Distinct behavior of human Langerhans cells and inflammatory dendritic epidermal cells at tight junctions in patients with atopic dermatitis

Kazue Yoshida, Akiharu Kubo, Harumi Fujita, Mariko Yokouchi, Ken Ishii, Hiroshi Kawasaki, Toshifumi Nomura, Hiroshi Shimizu, Keisuke Koyama, Tamotsu Ebihara, Keisuke Nagao, Masayuki Amagai

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59 Citations (Scopus)

Abstract

Background The stratum corneum and tight junctions (TJs) form physical barriers in the epidermis. Dendrites of activated Langerhans cells (LCs) extend beyond the TJs to capture external antigens in mice. LCs and inflammatory dendritic epidermal cells (IDECs) are observed in the skin of patients with atopic dermatitis (AD). Objective We sought to investigate the characteristics of LCs and IDECs and the distribution of their antigen capture receptors in relation to TJs in normal and AD skin.

Methods We characterized the interactions of LCs and IDECs with TJs and the expression patterns of langerin and FcεRI by using whole-mount epidermal sheets from healthy subjects and patients with AD, ichthyosis vulgaris, and psoriasis vulgaris.

Results As in mouse skin, activated LCs penetrate TJs in human skin. The number of LCs with TJ penetration increased approximately 5-fold in erythematous lesional skin of patients with AD but not in nonlesional skin of patients with AD or lesions of patients with ichthyosis vulgaris or psoriasis. In contrast, IDECs localized in the lower part of the epidermis, and their dendrites extended horizontally without penetration through TJs. Although langerin accumulated on the tips of dendrites of activated LCs, FcεRI was expressed diffusely on the cell surfaces on LCs and IDECs in lesional skin from patients with AD. Conclusions These findings highlight interesting differences between LCs and IDECs in epidermis of patients with AD, where LCs, but not IDECs, extend dendrites through the TJs, likely to capture antigens from outside the TJ barrier with a polarized distribution of langerin but not FcεRI. These behavioral differences between skin dendritic cells might reflect an important pathophysiology of AD.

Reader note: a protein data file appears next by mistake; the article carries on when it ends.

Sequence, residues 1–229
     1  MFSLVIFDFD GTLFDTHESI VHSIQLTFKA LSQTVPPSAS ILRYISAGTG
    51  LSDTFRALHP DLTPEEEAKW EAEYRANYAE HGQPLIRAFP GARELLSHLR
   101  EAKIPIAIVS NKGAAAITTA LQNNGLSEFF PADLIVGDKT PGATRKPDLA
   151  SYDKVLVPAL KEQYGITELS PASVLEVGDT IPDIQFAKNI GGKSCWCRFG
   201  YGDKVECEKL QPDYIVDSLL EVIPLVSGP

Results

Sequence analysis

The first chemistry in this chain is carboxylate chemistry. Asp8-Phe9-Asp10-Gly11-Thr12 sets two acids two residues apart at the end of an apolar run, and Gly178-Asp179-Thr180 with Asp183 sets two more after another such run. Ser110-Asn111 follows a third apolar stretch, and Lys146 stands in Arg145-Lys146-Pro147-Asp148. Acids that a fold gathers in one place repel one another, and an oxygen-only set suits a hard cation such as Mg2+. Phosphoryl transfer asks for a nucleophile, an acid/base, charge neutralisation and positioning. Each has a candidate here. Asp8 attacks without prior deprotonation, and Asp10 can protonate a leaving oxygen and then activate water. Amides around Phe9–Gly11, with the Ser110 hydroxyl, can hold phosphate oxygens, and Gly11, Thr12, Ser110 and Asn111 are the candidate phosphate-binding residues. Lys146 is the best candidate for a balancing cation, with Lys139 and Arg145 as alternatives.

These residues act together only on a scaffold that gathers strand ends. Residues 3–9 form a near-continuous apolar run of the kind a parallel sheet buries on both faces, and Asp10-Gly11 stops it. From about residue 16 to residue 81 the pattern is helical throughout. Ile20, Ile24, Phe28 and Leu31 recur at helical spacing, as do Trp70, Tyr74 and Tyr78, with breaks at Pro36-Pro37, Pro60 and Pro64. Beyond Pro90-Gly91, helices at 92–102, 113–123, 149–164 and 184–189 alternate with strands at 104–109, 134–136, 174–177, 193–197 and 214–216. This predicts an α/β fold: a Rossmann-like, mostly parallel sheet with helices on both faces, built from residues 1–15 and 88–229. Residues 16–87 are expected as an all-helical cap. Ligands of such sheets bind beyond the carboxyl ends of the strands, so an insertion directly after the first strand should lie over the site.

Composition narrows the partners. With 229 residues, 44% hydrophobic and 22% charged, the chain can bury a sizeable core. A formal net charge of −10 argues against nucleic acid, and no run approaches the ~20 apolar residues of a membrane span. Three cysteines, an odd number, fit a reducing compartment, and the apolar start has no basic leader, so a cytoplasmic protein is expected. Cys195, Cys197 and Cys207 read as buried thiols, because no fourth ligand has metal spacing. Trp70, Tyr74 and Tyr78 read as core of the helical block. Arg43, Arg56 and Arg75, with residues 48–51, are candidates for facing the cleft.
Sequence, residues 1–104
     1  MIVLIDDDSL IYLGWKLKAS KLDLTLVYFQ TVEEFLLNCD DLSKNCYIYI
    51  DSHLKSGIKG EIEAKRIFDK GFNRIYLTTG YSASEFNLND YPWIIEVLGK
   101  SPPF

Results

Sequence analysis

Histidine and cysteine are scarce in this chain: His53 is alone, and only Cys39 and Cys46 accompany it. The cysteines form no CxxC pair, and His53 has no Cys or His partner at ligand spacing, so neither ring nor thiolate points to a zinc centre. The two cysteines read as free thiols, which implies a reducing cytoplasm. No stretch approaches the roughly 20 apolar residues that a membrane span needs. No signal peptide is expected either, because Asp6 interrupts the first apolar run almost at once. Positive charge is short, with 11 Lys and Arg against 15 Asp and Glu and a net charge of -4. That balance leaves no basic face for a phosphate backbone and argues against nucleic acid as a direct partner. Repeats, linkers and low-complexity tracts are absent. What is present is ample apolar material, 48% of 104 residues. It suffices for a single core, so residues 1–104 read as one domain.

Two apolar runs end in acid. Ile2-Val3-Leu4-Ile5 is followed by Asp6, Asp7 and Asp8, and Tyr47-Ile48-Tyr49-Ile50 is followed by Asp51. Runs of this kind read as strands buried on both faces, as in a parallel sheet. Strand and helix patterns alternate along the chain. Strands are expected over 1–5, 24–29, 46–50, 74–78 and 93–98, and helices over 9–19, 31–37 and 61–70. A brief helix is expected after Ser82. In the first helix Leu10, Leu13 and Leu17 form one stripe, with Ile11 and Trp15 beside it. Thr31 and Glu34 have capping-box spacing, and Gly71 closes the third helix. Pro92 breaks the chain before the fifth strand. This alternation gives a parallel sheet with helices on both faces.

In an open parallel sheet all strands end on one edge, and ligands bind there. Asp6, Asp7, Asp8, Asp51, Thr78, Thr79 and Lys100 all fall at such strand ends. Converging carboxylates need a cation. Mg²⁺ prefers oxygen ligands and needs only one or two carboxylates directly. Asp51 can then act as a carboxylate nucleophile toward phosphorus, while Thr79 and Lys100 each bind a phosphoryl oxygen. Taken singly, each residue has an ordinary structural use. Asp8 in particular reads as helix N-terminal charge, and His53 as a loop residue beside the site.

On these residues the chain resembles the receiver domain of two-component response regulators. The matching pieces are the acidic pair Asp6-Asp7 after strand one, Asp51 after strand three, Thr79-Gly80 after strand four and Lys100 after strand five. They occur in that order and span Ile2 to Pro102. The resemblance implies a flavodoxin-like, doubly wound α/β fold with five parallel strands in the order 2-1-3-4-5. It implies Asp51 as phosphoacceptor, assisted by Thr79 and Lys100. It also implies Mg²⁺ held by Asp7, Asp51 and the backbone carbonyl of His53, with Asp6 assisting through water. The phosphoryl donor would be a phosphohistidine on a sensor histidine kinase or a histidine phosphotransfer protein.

Original languageEnglish
Pages (from-to)856-864
Number of pages9
JournalJournal of Allergy and Clinical Immunology
Volume134
Issue number4
DOIs
Publication statusPublished - 2014 Oct 1

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Keywords

  • atopic dermatitis
  • FceRI
  • inflammatory dendritic epidermal cell
  • Langerhans cell
  • langerin
  • stratum corneum
  • tight junction

ASJC Scopus subject areas

  • Immunology and Allergy
  • Immunology
  • Medicine(all)

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